Local Perceptions on the Status, Values and Conservation and Ethnobotanical Implications of Medicinal and Multipurpose Plants in and Around Selected Church Forests in Central Ethiopia

Eguale Tadesse (Ethiopian Environment and Forest Research Institute (EEFRI), 24536 Addis Ababa, Ethiopia)

Article ID: 2367

DOI: https://doi.org/10.30564/re.v2i3.2367


Societies have varied attitude and perception on the forest resources nearby them. Ethnobotanical knowledge should be integrated with biophysical studies in order to be used for managing and conserving forests. The objectives of the study were to assess the existing knowledge about the uses of plant species and to examine the plant species. Three sites were selected around central Ethiopia encompassing three church forests. Focus group discussion, questionnaire-based social survey and vegetation inventory were undertaken. The focus group discussants were selected from traditional healers, elders of the society, development agents, and people who are knowledgeable about the vegetation of the areas. Voucher specimens were collected for those species difficult to identify . The data analysis was done by descriptive statistics using Excel 2010 and SPSS v20. The results indicated agricultural expansion, charcoal making and fuel wood as the major causes of deforestation in Site 1, Site 2 and Site 3 respectively. Religious preaching was stated by group discussants as the most effective solution to reverse the degradation and to protect the church forests. The plant species have varied uses as traditional medicine, food, construction wood, household utensils, and firewood but higher percent of the mentioned species were used either for human or livestock medicine. Sørensen similarity index indicated Site 1 and Site 2 have 12.5%, Site 1 and Site 3 have 10.9% and Site 2 and Site 3 have 43.5% similarities. Documenting the wealth of indigenous knowledge and in situ conservation of the plant species are key recommendations.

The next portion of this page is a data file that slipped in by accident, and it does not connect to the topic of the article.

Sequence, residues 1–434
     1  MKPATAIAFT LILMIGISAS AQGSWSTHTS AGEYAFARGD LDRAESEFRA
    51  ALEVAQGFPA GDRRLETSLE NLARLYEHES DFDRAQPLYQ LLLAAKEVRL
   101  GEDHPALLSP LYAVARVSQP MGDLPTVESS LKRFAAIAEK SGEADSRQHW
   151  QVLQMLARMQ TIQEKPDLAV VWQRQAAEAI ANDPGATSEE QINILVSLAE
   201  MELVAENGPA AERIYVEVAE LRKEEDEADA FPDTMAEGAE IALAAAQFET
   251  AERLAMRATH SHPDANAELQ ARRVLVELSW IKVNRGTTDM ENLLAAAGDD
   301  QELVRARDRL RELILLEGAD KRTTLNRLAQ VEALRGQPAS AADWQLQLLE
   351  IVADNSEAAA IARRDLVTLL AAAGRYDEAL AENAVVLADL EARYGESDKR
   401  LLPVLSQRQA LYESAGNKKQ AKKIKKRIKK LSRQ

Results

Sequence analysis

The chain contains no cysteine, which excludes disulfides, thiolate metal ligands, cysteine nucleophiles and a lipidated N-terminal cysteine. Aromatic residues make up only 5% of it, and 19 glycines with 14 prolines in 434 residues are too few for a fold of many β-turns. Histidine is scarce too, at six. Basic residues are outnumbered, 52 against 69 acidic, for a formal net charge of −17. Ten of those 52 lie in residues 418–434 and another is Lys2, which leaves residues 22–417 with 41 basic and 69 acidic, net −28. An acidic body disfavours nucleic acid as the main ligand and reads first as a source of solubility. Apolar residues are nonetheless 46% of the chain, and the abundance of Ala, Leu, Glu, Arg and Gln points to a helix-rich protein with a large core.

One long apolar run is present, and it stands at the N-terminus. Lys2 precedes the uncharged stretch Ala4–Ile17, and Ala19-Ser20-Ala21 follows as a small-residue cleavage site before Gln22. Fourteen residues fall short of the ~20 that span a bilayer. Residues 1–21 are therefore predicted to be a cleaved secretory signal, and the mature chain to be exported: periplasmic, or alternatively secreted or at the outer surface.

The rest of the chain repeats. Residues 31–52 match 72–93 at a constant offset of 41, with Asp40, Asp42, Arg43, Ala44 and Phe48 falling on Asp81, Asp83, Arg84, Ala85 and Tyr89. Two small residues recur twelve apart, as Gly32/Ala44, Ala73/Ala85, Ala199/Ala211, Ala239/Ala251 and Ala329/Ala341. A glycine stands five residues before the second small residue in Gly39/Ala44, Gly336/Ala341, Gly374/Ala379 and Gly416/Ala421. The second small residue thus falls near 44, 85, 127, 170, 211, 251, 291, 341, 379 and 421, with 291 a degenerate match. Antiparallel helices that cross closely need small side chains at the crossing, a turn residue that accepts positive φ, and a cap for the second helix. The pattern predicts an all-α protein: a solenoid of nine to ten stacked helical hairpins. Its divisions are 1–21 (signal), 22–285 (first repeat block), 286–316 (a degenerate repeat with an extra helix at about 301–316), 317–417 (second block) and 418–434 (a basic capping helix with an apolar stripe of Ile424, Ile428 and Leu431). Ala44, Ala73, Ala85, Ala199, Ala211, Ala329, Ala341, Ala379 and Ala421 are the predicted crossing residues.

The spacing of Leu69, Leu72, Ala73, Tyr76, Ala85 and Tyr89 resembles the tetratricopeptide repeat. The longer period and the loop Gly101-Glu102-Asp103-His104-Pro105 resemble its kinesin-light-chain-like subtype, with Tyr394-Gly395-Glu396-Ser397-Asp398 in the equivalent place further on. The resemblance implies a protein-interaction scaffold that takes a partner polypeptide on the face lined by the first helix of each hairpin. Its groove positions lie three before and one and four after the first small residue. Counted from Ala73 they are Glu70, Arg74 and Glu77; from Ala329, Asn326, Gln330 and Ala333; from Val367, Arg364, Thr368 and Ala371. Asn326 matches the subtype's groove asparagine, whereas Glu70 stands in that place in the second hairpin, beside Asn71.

Agricultural expansion;Plant species; Traditional healers; Traditional medicine; Vegetation inventory

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